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by Mike Fisher

The increase in research and understanding about “attachment” and the later life manifestations of unresolved insecure attachment will probably be the single most significant factor to influence future approaches to therapy.

The insights from attachment theory are, and will, be key to work with the issues of addressing both early life trauma and dissociation. However one area that particularly benefits from the understanding of attachment theory is in the whole appreciation of dependency and the possibility of more enlightened (and hopefully more humane) approaches to the management of the often inevitable, experiences of dependency that survivors encounter on the road to recovery.

TAG Newsletter vol.1 no.2 described the five types of attachment response in infants. Jeremy Holmes in his book “The Search for a Secure Base” describes the adult attachment interview classifications from the corresponding patterns of infant strange situation behaviour, which utilises Grice’s Maxims of conversation as part of the measure. See table 2.1 and also Grice’s maxims.

What starts to be evident is the impact of unresolved attachment on later life’s responses and relationships. When this is also considered alongside the consequences of early life trauma and abuse, together with the dissociative conditions that so often accompany such experiences it becomes clear that dependency is going to be an inevitable part of recovery.

What is required from therapy is the creative, supportive and containing elements from the therapist to enable survivors to be “accompanied” on their journey without either “fear” or “avoidance” by either the counsellor or the client of the dependency element of the relationship.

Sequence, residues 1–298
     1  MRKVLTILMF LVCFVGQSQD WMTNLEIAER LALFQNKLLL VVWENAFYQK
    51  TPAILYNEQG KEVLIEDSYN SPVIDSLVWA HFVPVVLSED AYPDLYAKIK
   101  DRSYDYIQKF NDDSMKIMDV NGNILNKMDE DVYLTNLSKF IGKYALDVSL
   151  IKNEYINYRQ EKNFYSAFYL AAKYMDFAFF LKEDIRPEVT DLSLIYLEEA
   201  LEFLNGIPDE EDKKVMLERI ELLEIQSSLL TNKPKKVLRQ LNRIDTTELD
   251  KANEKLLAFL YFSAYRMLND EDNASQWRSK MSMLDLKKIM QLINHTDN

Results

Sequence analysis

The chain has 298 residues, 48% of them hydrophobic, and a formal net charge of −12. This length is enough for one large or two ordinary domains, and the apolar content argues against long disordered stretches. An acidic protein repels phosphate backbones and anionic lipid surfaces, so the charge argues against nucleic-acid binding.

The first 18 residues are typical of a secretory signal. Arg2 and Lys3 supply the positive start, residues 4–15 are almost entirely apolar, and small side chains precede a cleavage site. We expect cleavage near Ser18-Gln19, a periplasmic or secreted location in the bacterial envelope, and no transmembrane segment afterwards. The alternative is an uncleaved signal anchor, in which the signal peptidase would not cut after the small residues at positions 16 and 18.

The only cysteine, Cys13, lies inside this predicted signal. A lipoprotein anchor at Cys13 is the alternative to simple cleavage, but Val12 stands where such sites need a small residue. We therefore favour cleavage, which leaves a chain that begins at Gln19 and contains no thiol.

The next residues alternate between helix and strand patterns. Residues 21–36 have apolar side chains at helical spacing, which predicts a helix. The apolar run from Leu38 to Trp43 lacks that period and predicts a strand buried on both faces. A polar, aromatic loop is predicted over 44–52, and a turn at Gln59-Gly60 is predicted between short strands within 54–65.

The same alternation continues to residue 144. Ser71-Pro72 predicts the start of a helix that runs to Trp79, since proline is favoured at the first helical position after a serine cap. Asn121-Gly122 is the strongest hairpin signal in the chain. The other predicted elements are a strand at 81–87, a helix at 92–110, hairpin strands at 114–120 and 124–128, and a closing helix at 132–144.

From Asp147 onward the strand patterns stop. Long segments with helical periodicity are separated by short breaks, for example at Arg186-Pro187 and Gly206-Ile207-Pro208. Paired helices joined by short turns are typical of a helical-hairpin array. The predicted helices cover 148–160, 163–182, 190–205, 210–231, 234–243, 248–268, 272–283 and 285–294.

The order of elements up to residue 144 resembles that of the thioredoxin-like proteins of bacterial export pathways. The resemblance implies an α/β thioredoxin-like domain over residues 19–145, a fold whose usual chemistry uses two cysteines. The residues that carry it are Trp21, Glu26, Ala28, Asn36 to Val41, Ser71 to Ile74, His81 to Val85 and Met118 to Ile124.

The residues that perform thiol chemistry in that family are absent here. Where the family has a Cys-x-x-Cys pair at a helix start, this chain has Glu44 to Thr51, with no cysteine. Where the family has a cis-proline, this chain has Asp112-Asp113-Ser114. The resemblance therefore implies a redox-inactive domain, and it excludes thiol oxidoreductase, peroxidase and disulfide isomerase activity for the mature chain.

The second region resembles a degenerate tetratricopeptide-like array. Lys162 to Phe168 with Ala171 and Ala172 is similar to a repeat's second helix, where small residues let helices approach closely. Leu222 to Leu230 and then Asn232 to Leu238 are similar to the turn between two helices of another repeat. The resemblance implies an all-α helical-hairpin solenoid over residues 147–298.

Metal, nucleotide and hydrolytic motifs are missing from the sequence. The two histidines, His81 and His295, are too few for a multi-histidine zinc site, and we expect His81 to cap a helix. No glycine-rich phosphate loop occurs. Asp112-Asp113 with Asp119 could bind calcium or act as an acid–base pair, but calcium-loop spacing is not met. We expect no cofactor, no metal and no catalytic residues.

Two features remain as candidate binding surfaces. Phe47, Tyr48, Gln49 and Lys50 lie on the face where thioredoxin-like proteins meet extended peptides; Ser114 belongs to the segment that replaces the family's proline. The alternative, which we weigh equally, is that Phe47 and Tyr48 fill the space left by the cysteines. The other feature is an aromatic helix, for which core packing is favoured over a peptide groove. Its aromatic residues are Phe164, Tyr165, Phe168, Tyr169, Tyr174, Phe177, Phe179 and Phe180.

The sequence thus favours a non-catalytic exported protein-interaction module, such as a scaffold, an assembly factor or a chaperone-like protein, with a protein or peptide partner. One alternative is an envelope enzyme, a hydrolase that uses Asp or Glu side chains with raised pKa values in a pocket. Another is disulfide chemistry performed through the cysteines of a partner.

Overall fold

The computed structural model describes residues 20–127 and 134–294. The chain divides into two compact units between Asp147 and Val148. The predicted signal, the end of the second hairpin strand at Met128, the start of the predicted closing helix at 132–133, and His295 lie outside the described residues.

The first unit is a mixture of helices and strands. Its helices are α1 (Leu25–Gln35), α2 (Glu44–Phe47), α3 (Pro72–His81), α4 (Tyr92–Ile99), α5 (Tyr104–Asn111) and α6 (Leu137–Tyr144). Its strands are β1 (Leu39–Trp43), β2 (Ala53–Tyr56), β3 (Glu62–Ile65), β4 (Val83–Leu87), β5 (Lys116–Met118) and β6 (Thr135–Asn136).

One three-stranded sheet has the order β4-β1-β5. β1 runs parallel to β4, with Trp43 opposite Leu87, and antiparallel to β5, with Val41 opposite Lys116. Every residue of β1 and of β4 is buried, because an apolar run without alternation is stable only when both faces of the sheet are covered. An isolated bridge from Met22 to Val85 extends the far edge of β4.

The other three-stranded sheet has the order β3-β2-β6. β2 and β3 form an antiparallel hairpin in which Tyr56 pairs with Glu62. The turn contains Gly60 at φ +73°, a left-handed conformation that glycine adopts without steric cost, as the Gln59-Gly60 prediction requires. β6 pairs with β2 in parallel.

Two very helpful graphs taken from “The Journal of Trauma and Dissociation” (the official journal of the international society for the study of dissociation) in an article on “Dependency in the Treatment of Complex Posttraumatic Stress Disorder and Dissociative Disorder” by Kathy Steele, Omno van der Hart and Ellert Nijenenhuis offer a useful analysis to aid therapuitic understanding.

The first compares the characteristics of “Extreme Dependency”, “Counter Dependency” and “Secure Dependency” in relation to the different attachment types of behaviour.

The second contrasts the Countertransference Positions in relation to Dependency from an “Enmeshed”, “Distanced” and “Balanced” position.

It is well worth consulting the full article for a detailed examination of the issues, particularly in relation to DID, which this very brief reflection can not do justice to. What is clear though, is that to collude with resisting dependency is as obstructive to therapeutic recover as over enmeshment with clients can be.

Given that most counsellors (and some training courses) are preoccupied with avoiding dependency at all costs, this article provides some food for thought, and some possible guidance in considering the handling of the inevitable dependency issues that do occur in therapy and counselling particularly with survivors of early life trauma, sexual and ritual abuse.


Holmes, Jeremy (2001) The Search for the Secure Base – Attachment Theory and Psychotherapy. Brunner-Routledge

Steele K, Van der Hart O, Nijenhuis ERS. 2001 Dependency in the Treatment of complex Posttraumatic Stress Disorder and Dissociative Disorders. The Journal of Trauma and Dissociation.